Why, yes, that is a golden shovel
Saturday, September 21, 2013 8:00 PM
When you work for a daily newspaper for nearly a decade, you tend to collect things throughout your journalistic travels.
Little things, big things. A lot of junk. Some nice stuff.
As I sit in my cubicle/hovel typing this column, I'm surrounded by stuff. Little reminders of stories and beats and events.
I've got a stack of South Carolina Legislative Manuals, perched right next to a Greenwood Metropolitan District Home Degreaser Kit.
On top of the legislative manuals sits a Holy Bible given to me years ago by Greenwood County Councilwoman Edith Childs. Within that Bible is a wallet-size photograph of the late Emma Gaskin, which I use to mark Philippians 4:13 - "I can do all things through Christ which strengtheneth me."
My desk is cluttered with fliers and candidate buttons, photographs of politicians and promotional ink pens I have picked up at various locations while out reporting. There are posters from music festivals and letters and cards from readers.
I've collected press credential badges from a wealth of different events throughout the years, from the Shrine Bowl of the Carolinas to Greenville Drive baseball games to professional golf tournaments to campaign rallies and beyond.
Basically, when you go around covering things for a decade, you inevitably collect, well, STUFF. Reminders of various stories and assignments throughout the years.
For example, earlier this year I went out to the long-shuttered Greenwood Civic Center building to do a story and came back with a pocketful of bullet shell casings. (Don't ask.)
But, late last week, I picked up one of the most interesting mementos I've ever gotten while out on a story.
AS YOU MIGHT HAVE read in Saturday's Index-Journal, a host of Greenwood elected officials, business people and economic development leaders gathered at the corner of Bypass 72 and Mathis Road for the ceremonial groundbreaking of The Shops at Publix Pavilion.
Land clearing and other work has already started on the new shopping center. The linchpin of the development will be, of course, a new 49,000-square-foot Publix grocery store. The Publix is set to open in summer or early fall 2014.
Officials noted the new Publix will be a "hybrid" concept. The concept will include expanded produce, bakery, deli and prepared foods, as well as specialty cheeses and wines, a culinary center and floral department.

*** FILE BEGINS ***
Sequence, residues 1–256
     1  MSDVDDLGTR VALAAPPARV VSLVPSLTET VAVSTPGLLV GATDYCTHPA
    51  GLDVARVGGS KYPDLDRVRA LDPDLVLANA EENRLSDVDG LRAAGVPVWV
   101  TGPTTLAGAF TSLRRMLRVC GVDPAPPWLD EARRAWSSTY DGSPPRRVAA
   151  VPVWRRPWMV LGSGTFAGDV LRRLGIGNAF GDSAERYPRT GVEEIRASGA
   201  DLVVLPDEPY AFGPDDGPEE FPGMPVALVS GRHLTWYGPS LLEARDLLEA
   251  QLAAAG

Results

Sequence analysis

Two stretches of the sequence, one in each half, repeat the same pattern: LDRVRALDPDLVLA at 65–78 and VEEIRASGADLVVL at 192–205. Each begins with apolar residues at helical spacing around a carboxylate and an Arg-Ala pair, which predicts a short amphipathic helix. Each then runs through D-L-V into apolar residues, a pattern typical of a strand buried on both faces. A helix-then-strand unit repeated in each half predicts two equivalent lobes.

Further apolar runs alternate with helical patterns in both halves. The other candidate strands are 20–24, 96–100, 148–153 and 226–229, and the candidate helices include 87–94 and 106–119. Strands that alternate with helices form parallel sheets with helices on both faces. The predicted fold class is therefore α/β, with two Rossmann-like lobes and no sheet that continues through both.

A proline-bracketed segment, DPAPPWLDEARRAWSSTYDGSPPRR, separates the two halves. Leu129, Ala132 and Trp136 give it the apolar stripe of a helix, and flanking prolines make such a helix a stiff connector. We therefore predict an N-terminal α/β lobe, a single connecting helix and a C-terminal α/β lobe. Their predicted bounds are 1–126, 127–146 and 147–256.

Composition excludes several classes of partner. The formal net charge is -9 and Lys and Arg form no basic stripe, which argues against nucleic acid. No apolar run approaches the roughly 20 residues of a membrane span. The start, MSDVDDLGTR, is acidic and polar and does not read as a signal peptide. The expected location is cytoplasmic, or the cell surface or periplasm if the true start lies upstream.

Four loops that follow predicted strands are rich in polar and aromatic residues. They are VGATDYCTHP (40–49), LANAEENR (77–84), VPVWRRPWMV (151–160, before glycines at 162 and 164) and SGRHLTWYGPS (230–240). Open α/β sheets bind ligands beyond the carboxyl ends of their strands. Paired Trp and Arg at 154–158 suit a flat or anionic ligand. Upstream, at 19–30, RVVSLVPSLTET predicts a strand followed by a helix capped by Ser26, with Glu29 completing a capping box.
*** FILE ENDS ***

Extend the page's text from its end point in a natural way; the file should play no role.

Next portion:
The Publix shopping center project is just the latest in a sort of retail renaissance in Greenwood, as there have been a number of developments in town the last two years, essentially changing the face of retail in the area.
I also heard from some very reliable sources there is another big retail deal potentially brewing in the city. The zoning pieces are beginning to fall in place. I can't reveal that one until we get a bit more of a green light, but it would be one folks in a certain part of town would find quite interesting.
FRIDAY'S PUBLIX GROUNDBREAKING ceremony was filled with all the typical pomp and circumstance.
There were men in suits milling about looking vaguely menacing. There were politicians glad-handing and smiling and, well, politicking. The mayor gave a rousing speech, as did the chairman of county council.
State Sen. Floyd Nicholson, always at the ready when there is ground to be broken or a ribbon that needs cutting, brought greetings and offered remarks.
When the time came, various elected officials, economic development leaders, developers and others gathered around a big pile of dirt for the ceremonial groundbreaking.
I've covered approximately 1,638 groundbreakings through the years, so I noted the shovels for this one were particularly fancy. They were painted a shade of gold, with a little placard on the handle.
The politicians and others plunged them into the aforementioned mound, turned a little dirt and the groundbreaking was officially complete. (I should note about a half dozen bulldozers were rumbling over the site throughout the "groundbreaking," so ground had technically already been broken.)
Following the ceremony, everyone was milling about talking and celebrating. I approached Tim Lassiter, of Zimmer Development Co., and we chatted a bit about some of the details of the project.
After a minute or two he stopped me.
"Hey, do you want one of these shovels?" he asked, referring to the shovels that were used in the groundbreaking.
"Um, sure," I replied. I wasn't about to turn down a ceremonial shovel, after all. Lassiter walked over to the stage and returned with one of the shovels, handing it to me with a smile.
Several folks who were either directly or indirectly involved with the ceremony also received shovels, including Greenwood County Councilman Robbie Templeton.
As we compared ceremonial shovels, Templeton glanced at mine and joked I could use it to "shovel up all of Richard Whiting's bull (stuff)." I don't think that will be possible, as it is not an industrial grade shovel.
So, as I type this, I have sitting by my desk - propped up between a stack of newspapers and an autographed photo of radio host Jim Bohannon - a golden shovel with the inscription "Publix Pavilion Groundbreaking September 20, 2013."
I will hold onto it. Partly because it will be a neat memento from a great occasion in Greenwood and partly because it will make a good conversation piece.
And, yes, I might occasionally have to use it to shovel some of Whiting's bull stuff.
Trainor is the senior staff writer at the Index-Journal. Contact him at 943-5650; email firstname.lastname@example.org. You can follow him on Twitter @IJCHRISTRAINOR. Views expressed in this column are those of the writer only and do not represent the newspaper's opinion.